Wednesday, March 7, 2012

Ted White Q&A: On Writing a Synthetic Work

Q: Unlike a lot of your earlier work, this volume is partially synthetic: you reference reading and profiting from the works of a great many other scholars. Given the highly individualistic character of much of your other work, how did you like the shift?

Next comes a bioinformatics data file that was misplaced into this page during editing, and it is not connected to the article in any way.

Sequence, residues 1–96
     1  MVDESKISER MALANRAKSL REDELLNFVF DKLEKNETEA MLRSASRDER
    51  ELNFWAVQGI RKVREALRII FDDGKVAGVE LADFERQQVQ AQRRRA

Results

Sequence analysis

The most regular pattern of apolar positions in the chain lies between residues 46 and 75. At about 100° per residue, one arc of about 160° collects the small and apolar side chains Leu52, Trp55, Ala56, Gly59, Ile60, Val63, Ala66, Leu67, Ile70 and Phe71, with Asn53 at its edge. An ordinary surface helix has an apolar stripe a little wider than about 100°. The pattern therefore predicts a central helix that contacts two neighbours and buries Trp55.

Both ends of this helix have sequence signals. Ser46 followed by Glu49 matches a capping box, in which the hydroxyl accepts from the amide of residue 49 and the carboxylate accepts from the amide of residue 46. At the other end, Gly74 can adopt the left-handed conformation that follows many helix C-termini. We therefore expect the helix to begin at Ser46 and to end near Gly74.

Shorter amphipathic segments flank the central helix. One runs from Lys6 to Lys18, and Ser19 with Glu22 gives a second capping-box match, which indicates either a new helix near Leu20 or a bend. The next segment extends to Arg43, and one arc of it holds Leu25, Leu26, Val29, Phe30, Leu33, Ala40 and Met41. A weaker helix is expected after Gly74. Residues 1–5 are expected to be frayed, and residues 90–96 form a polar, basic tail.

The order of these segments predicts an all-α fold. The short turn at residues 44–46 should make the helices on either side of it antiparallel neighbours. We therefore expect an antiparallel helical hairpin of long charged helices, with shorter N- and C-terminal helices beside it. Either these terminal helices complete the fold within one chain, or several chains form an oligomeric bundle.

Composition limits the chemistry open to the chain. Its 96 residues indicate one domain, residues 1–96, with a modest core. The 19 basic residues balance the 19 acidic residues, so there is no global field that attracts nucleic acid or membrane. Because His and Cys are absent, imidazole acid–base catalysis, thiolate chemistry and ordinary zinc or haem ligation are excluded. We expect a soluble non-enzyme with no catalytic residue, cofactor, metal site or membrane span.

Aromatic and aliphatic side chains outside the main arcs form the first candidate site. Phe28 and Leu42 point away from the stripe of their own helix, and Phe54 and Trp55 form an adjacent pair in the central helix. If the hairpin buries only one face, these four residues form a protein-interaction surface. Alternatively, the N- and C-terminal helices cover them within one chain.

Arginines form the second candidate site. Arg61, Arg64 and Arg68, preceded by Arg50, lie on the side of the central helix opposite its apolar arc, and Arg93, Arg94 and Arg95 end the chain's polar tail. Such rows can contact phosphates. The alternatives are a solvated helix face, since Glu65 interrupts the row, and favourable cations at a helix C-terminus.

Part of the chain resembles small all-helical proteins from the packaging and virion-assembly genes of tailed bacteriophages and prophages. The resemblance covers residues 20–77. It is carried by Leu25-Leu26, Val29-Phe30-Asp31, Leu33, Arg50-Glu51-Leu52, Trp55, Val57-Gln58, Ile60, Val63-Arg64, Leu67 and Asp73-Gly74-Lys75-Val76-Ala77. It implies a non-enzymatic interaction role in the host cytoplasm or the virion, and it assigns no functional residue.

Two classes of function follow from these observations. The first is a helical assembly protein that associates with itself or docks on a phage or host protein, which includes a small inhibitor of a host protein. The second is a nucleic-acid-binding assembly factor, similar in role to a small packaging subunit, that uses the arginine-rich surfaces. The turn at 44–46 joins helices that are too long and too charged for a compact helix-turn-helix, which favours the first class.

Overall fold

A: One of the reasons I put off this project after signing a contract (I wrote three monograph-style books between the 1990s and when I turned to it in earnest) is that I worried about how comfortable I'd be with the technique of narrative synthesis, something I hadn't done in a book written from scratch since the first edition of The American Judicial Tradition (1976). I found out, however, that synthetic work isn't necessarily incompatible with a revisionist analysis of the relationship between law and historical themes. Unlike the first edition of the American Judicial Tradition, where in many chapters I was seeking to distill existing specialized work on judges for more generalist audiences, in this instance I assumed a greater audience familiarity with the scholarly "conventional wisdom" on the topics I chose to cover, and sought to revise conventional understandings where current work suggested they were in need of revision.